Romans 4:3 the story we’re given is a God-story, not an Abraham-story. What we read in Scripture is, “Abraham entered into what God was doing for him, and that was the turning point. He trusted God to set him right instead of trying to be right on his own.” (The Message Bible)
This is the Message Bible rendition of “Abraham believed God and it was credited to him as righteousness.” “Believe” becomes “trusted” and “righteousness” becomes “set him right.” Faith (belief) and righteousness are tough concepts. I think faith has to do with being convinced something is true even when you might still be dealing with some doubt. It also means being willing to say it out loud to others and having it determine your actions. Righteousness is being in the right with God, doing the right thing, being the right kind of person. Paul in this passage is saying that God did this for Abraham and, a few verses later, says God does this for us. How do you experience faith? What is your idea of righteousness? How do you get right with God?
Romans 5:12 You know the story of how Adam landed us in the dilemma we’re in—first sin, then death, and no one exempt from either sin or death. (The Message Bible)
It’s high school musical time in my part of the world and one of the shows often done by high schools these days is Into the Woods. One of the songs declares “You move just one finger, say the slightest word, something’s bound to linger- be heard. You are not alone, believe me, no one is alone.” We are not alone, even when we feel most lonely. We are all connected by a common humanity and what we do has consequences for all of that humanity. Another song says “Careful the tale you tell, that is the spell.” The tale referred to in the above verse is that of the fall from Genesis three. It teaches that our interconnection as humans is not just a warm, fuzzy feeling but a condition of rejection to letting God be God, or more simply, sin. In Lent we are asked to take sin seriously. How will you take sin seriously this Lent?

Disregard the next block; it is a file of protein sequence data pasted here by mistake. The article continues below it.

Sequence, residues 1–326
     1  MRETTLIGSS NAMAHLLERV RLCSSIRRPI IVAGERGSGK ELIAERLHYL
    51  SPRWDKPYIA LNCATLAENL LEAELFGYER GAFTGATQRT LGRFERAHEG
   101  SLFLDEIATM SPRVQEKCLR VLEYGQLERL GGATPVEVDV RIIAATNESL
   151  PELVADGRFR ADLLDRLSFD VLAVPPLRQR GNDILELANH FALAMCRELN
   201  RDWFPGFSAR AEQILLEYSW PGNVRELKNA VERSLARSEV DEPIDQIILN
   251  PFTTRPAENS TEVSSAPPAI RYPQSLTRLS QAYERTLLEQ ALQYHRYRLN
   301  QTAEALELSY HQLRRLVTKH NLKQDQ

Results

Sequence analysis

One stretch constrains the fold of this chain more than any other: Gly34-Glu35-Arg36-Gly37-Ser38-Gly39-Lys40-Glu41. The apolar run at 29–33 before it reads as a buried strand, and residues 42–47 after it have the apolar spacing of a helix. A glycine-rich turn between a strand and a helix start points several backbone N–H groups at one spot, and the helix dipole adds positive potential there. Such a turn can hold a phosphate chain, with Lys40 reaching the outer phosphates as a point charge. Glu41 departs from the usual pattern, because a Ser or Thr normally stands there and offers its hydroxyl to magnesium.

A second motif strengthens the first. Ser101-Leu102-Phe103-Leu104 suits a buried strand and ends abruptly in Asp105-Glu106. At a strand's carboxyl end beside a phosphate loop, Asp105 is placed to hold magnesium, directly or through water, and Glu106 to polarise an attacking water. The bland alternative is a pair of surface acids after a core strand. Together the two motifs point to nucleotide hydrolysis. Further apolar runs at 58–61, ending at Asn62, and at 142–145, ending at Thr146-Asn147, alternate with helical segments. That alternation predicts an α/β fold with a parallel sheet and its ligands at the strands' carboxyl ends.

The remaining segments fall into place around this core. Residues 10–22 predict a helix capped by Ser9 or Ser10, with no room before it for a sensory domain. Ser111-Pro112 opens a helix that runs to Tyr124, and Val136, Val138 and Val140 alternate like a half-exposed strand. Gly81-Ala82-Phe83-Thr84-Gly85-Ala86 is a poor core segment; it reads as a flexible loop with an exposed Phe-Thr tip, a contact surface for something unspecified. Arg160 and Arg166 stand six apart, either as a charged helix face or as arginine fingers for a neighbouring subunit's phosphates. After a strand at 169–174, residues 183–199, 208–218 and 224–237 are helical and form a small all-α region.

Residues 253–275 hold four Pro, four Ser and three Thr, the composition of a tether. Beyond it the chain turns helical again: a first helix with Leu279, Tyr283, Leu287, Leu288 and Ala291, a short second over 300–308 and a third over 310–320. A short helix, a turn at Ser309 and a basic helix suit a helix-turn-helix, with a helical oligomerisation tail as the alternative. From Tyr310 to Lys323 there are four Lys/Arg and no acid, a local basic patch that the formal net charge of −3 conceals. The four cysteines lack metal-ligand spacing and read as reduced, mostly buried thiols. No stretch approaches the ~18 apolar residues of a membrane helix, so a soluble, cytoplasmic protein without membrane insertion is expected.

2 Peter 1:16, 17 We weren’t, you know, just wishing on a star when we laid the facts out before you regarding the powerful return of our Master, Jesus Christ. We were there for the preview! We saw it with our own eyes (The Message Bible)
Many churches remember the Transfiguration of Jesus on the Sunday before Ash Wednesday, which, of course, was this past Sunday (You can read the account in Matthew 17:1-9). The above passage connects that event with the promise that Jesus will return in a unique way to bring a new reality to this earthly creation. If heaven is the realm of the spiritual and not somewhere up in the sky, the transfiguration kind of pulls back the curtain for a moment indicating that the spiritual is present in Jesus in the here and now even though we don’t always see it. The connection with Jesus’ return also indicates that history is moving towards a culmination, a destination, and is not an endless cycle of the similar. This week ask yourself, “Where is heaven”? “What does ‘spiritual’ mean?” “Where are we headed?” Lent begins with Ash Wednesday this week. These are good questions to ponder during those forty days.
1 Corinthians 3:7, 8- I planted the seed, Apollos watered the plants, but God made you grow. It’s not the one who plants or the one who waters who is at the center of this process but God, who makes things grow. (The Message Bible)